The Red Balloon is a 1956 multi-award-winning French fantasy featurette (any film between 24 and 40 minutes) directed by French filmmaker Albert Lamorisse (1922-1970). A simple work of magical realism with little dialogue and a rich music score, it explores the everyday joys and disappointments of childhood. It is shot in the Ménilmontant area of Paris and tells the story of a little boy called Pascal (Pascal Lamorisse – the director’s son) and his companion – a bright red sentient helium balloon. The director’s daughter, Sabine Lamorrise, makes a brief appearance in the film as a girl with a seemingly sentient blue balloon of her own.
Pascal discovers the balloon one morning and develops a relationship with it as it follows him through the gorgeous streets of Paris through the day while inquisitive adults and envious children look on. The balloon, which has a somewhat mischievous mind and will, ends up putting the boy in trouble in the classroom and church.
Finally, when a gang of bullies destroys it with slingshots, the balloons of the locality – all colours – rise up in revolt, gather to form a cluster above Pascal and take him for a ride over the city.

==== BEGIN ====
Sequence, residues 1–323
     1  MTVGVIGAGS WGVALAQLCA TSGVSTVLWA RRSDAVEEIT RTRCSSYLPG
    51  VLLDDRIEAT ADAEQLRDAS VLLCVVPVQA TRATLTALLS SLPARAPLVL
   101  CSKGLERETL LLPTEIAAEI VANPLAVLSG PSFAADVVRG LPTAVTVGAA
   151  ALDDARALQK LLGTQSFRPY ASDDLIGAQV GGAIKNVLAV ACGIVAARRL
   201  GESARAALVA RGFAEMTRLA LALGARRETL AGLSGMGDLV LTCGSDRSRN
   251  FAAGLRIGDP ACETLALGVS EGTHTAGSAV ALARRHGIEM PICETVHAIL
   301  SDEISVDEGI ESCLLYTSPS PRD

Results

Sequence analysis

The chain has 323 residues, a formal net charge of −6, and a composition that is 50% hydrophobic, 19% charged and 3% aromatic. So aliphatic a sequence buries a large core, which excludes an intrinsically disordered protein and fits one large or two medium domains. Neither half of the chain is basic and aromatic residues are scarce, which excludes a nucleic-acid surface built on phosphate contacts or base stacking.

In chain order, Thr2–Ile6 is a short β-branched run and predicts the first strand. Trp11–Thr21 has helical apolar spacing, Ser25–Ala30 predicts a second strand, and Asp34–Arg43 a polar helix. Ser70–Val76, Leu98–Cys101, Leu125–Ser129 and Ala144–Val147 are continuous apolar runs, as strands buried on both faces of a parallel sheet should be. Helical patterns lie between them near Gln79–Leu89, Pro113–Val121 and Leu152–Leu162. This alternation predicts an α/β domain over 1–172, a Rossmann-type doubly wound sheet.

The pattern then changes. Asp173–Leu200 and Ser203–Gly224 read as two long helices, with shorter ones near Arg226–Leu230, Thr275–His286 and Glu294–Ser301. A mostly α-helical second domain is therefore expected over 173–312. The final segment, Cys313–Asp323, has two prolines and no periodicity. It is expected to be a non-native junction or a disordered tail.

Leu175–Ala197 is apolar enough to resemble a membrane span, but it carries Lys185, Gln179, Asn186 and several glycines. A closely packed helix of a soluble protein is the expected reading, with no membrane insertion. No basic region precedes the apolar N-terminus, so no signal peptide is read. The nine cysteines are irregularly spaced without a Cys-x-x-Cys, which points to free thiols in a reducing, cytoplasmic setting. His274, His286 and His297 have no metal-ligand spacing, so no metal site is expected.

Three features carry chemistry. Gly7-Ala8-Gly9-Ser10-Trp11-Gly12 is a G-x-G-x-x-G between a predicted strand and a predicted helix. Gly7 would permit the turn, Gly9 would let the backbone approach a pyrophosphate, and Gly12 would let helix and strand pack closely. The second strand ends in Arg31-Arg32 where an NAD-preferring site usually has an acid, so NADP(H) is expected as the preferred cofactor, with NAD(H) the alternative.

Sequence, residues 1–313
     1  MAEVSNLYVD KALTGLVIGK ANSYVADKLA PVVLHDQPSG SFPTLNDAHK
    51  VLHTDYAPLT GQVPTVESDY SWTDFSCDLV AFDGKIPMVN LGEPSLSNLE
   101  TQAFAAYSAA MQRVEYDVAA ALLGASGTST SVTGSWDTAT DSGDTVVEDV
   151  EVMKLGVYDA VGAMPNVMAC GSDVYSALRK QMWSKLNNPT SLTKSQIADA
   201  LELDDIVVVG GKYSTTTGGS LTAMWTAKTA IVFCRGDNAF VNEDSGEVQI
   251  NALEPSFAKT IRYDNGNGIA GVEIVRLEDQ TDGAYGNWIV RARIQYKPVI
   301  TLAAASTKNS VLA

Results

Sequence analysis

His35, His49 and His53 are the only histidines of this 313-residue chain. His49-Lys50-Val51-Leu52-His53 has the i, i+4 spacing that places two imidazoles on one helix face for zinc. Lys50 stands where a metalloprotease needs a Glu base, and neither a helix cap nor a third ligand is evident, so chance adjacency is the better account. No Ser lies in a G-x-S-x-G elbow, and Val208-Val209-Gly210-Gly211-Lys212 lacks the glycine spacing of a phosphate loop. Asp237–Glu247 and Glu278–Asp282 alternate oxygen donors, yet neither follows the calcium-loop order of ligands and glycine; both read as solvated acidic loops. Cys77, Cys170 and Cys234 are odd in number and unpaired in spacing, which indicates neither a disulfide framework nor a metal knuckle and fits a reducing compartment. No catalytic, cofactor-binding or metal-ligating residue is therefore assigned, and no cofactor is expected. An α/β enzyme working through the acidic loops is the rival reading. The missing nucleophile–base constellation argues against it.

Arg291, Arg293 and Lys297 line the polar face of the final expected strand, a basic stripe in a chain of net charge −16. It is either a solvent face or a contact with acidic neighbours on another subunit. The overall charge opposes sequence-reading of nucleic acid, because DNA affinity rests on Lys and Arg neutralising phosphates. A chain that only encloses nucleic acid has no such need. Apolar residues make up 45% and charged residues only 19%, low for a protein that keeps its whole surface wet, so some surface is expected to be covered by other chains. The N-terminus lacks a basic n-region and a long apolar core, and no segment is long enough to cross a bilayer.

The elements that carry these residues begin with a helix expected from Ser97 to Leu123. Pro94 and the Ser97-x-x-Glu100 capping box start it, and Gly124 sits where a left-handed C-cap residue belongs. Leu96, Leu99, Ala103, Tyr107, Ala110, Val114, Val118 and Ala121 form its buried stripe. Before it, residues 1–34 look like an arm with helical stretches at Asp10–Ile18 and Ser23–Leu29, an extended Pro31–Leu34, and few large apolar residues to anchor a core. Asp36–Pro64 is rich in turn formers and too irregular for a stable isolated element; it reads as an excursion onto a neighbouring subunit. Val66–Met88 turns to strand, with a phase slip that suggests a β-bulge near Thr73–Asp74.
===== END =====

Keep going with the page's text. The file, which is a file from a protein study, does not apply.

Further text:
A great favourite of critics and filmmakers, The Red Balloon has been deemed “one of the all-time greatest examples of pure cinema”, “a cinematic landmark”, “an example of timeless magic” and “one of the most beloved films of all time” [as mentioned in Discovering Short Films: The History and Style of Live-Action Fiction Shorts (2015) by Cynthia Felando].
Watch a short video celebrating the film from the New York Times:
Featured: Detail of screenshot, The Red Balloon, Films Montsouris. Used for illustrative purposes only. No Copyright Infringement intended.